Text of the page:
By Anne Boatwright
On any day of the week, a tall, unassuming bald guy helps keep no fewer than 50 people on the path to sobriety.
Sandy Springs’ resident Trey Miller is the founder and executive director of LifeLine Atlanta, a nonprofit, sober living environment (what used to be called “halfway houses”) for men and women dedicated to long-term success in recovery from chemical addiction.
A former alcoholic and drug addict himself, Miller began his organization with just four beds in 2009. Today, nearly three years later, his small business has expanded to nine locations and 15 employees in Dunwoody and Doraville. He offers separate facilities for men and women, and constantly has waiting lists.
“I was given a second chance at life and finding a spiritual way of living,” he said.
And that’s not even his “day job.” He’s employed as an IT consultant and web designer.
Starting and successfully maintaining a niche business in a difficult economy has been no small task. With the help of his business partner Kim Hagler, the director of women’s programs and also a an ex-addict, Miller supervises resident managers and assistants to run the day-to-day operations.
“Working with LifeLine has given me the opportunity to discover how purposeful a life of helping people can truly be,” Hagler said. “It’s changed my perspective on who I am and how much healing power love has when working with addicts on their recovery paths.”
Some clients are transitioning from full-time, inpatient treatment back to their former lives while others, through various experiences, have simply acknowledged their inability to control their compulsions and have come for help. All are tasked with making complete life changes to get healthy.
The program is based on the guiding principles of the Twelve Steps established in Alcoholics Anonymous, the foundation for all Twelve Step addiction recovery programs. Each home is fully certified by two major accreditation bodies, and Miller and Hagler work together to create a spirit of community to build a peer support network, open communication with families, and even hold special events such as trips to ball games, parties (all alcohol-free of course) and even a graduation.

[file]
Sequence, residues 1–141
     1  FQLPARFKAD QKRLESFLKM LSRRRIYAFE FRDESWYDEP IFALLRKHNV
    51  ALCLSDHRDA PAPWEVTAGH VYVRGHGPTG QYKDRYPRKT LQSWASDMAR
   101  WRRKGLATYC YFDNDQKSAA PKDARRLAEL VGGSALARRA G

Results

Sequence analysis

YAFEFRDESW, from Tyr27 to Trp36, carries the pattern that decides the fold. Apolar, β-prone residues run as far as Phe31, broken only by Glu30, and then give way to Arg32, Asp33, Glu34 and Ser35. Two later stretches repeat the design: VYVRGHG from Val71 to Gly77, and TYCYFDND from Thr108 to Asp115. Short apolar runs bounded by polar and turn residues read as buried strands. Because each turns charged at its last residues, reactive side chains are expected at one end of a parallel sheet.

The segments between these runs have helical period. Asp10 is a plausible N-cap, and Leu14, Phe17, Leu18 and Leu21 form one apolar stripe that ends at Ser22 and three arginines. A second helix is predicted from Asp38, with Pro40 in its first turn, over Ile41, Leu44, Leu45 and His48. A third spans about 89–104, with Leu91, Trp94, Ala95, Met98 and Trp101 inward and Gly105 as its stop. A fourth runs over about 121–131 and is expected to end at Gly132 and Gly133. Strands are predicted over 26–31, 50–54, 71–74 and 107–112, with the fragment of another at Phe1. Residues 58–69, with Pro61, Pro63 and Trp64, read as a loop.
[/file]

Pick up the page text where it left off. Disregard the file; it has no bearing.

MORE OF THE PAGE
“Trey and I have been blessed with complementary sets of work, life and educational experience,” Hagler said. “That has enabled us to run a successful business as a partnership from its conception.”
At a time when many similar organizations are struggling financially, Miller’s biggest challenge is lack of space for his burgeoning business. Miller attributes the growth to numerous factors: family addiction; difficult home environments; hard times; or poor choices in handling the stresses of life, such as complicated relationships, career struggles, health problems or financial troubles.
One unique aspect of LifeLine is Miller and Hagler’s focus on creating a safe atmosphere in which they take a personal interest in clients, spending one-on-one time with each. Miller believes this is one of the keys to a successful sober living program. “Here, clients aren’t just a number,” he said.
LifeLine provides communication with client’s families who struggle with mixed emotions including resentment, frustration, fear, relief, cynicism and even hopelessness. Miller found the perfect person with experience and compassion to serve as the family liaison – his mother.
Reta Miller connects with families to provide hope for a healthier future, yet learn how to cope with current challenges. Trey Miller concludes, “I know that if it can work for someone who was as hopeless as me, it can work for anyone. This is real personal.”
For more information: www.lifelineatl.org